Editor’s Notes
Blood Orange Review 5.1

Outside, the leaf buds begin to appear in the shrubs at the edge of our yard, and flocks of quail come down to feed off the winter seed. My dog, a large Lab Collie mix, sits at the window—the sun pouring in—and whines uncontrollably at the fresh energy of life. I’m experiencing the same anxiousness as the clock winds down and I prepare my last few lectures before finals week, and then summer. It’s an obvious observation, but I’m compelled to declare it. It feels right to publish in the spring.

As an editorial group, we are exceedingly optimistic about the future of our journal. And though signs of spring help generate this awakening, this arrival of hope, we cannot forget the hard work and successes of the last year: our second exhibitor’s table at AWP; our contributors’ distinguished publications and literary awards; our special mention in the Pushcart anthology; and our new editorial process which includes an online submission manager and the addition of interns from Washington State University.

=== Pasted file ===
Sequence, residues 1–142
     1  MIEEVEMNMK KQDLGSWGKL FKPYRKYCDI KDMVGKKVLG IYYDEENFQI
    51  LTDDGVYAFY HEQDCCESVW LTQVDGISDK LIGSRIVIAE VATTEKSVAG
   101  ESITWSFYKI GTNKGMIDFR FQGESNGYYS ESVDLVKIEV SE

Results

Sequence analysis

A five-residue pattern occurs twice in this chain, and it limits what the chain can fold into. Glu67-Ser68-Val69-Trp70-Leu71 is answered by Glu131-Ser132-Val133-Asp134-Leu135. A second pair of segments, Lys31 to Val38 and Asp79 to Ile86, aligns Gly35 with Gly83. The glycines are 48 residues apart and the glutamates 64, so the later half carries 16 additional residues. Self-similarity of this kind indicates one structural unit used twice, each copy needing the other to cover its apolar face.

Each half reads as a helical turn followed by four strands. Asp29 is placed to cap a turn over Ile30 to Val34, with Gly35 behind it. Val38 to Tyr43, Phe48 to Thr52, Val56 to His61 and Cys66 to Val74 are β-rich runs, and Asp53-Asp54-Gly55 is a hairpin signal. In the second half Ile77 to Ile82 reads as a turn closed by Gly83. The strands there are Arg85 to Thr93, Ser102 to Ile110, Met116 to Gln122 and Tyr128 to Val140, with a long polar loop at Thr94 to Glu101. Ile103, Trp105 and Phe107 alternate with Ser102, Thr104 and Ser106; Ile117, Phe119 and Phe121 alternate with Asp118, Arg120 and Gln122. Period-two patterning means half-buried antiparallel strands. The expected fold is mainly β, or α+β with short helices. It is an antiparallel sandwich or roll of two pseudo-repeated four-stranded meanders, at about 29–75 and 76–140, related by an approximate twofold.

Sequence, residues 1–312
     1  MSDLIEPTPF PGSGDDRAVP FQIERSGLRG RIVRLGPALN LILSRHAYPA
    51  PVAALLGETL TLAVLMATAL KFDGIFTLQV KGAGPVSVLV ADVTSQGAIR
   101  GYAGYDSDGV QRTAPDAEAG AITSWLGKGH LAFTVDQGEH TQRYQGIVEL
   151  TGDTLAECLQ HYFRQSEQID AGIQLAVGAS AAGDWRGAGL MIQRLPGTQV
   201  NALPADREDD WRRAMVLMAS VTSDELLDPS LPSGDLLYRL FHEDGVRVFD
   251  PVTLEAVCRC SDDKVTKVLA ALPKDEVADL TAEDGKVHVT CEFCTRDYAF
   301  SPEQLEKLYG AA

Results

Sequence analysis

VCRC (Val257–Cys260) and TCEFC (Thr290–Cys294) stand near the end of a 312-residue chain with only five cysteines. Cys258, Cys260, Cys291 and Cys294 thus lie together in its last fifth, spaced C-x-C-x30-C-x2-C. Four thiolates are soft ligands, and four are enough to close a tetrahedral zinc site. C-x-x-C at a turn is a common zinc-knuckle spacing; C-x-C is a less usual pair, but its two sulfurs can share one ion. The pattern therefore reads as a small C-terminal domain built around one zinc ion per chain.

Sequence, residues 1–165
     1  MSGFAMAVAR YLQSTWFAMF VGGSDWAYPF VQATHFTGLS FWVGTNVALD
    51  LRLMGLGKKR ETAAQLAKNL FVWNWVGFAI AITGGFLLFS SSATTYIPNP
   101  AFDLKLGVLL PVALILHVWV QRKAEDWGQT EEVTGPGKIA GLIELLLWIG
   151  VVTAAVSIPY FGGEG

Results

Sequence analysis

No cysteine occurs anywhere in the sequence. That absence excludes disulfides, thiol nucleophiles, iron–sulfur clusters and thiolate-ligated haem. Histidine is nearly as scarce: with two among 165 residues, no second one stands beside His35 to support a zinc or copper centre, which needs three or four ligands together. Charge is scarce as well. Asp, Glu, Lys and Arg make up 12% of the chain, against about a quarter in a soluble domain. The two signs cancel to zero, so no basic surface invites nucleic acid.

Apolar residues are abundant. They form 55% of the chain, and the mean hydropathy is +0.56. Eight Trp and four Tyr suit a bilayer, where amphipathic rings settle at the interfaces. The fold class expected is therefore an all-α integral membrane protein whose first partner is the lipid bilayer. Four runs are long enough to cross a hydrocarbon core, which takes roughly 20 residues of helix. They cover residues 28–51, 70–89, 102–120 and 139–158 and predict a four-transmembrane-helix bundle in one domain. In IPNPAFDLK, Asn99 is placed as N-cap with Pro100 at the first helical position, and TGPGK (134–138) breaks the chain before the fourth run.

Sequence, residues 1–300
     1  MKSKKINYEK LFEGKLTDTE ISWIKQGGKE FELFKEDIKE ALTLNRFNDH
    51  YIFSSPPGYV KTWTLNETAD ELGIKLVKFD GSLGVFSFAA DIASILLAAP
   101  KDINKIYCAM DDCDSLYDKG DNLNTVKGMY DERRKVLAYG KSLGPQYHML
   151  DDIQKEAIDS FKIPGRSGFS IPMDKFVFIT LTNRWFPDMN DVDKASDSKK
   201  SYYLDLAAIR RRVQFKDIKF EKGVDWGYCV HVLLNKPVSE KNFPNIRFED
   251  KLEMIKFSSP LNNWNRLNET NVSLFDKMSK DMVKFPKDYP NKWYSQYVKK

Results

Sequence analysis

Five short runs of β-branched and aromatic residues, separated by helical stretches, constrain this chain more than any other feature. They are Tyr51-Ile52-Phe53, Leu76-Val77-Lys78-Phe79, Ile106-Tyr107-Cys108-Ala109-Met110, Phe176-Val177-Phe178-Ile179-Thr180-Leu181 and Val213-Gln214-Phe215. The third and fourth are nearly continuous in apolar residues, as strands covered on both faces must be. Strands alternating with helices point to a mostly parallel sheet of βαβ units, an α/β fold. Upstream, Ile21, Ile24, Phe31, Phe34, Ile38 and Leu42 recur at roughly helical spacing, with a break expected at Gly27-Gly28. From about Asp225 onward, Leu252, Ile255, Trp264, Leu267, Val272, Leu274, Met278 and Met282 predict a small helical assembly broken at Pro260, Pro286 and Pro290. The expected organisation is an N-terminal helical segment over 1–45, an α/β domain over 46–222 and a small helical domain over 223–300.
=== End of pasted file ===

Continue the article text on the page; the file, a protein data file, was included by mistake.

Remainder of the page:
Currently, we read and respond to over 200 submissions a month, a task that would be extremely difficult without our interns. Therefore, we’d like to take a moment to thank Washington State University for lending us their most talented eyes and ears, and we’d like to thank our interns for their good work and sound judgment. We’ve accomplished a lot in the last year, but the change in our editorial process is one of our greatest accomplishments and we expect that it will only improve our stride.

In this issue, you will discover further hints of optimism. In “A Reflex Happens,” Allan Peterson gives us conviction, and in “Catch a Body,” Ilse Bendorf shows us the way to remain afloat. Amy Ash, with her eye for inanimate beauty, delivers a poem that’s bursting with life.

Even the darker pieces have traces of light. In “These are Please God Days,” Rosalyn Cowart reveals a couple, broken, but offers a glimpse of clearing. And Marcia Trahan’s “Bloodletting,” a post-cancer narrative, conveys the power of hope with the resonating symbol of a closed fist.

We enjoyed meeting many of you at AWP last April and hope-whether visiting our pages for the first or the hundredth time-that you will continue to submit, here and elsewhere, so that we may widen our connections as a literary community and carry on.







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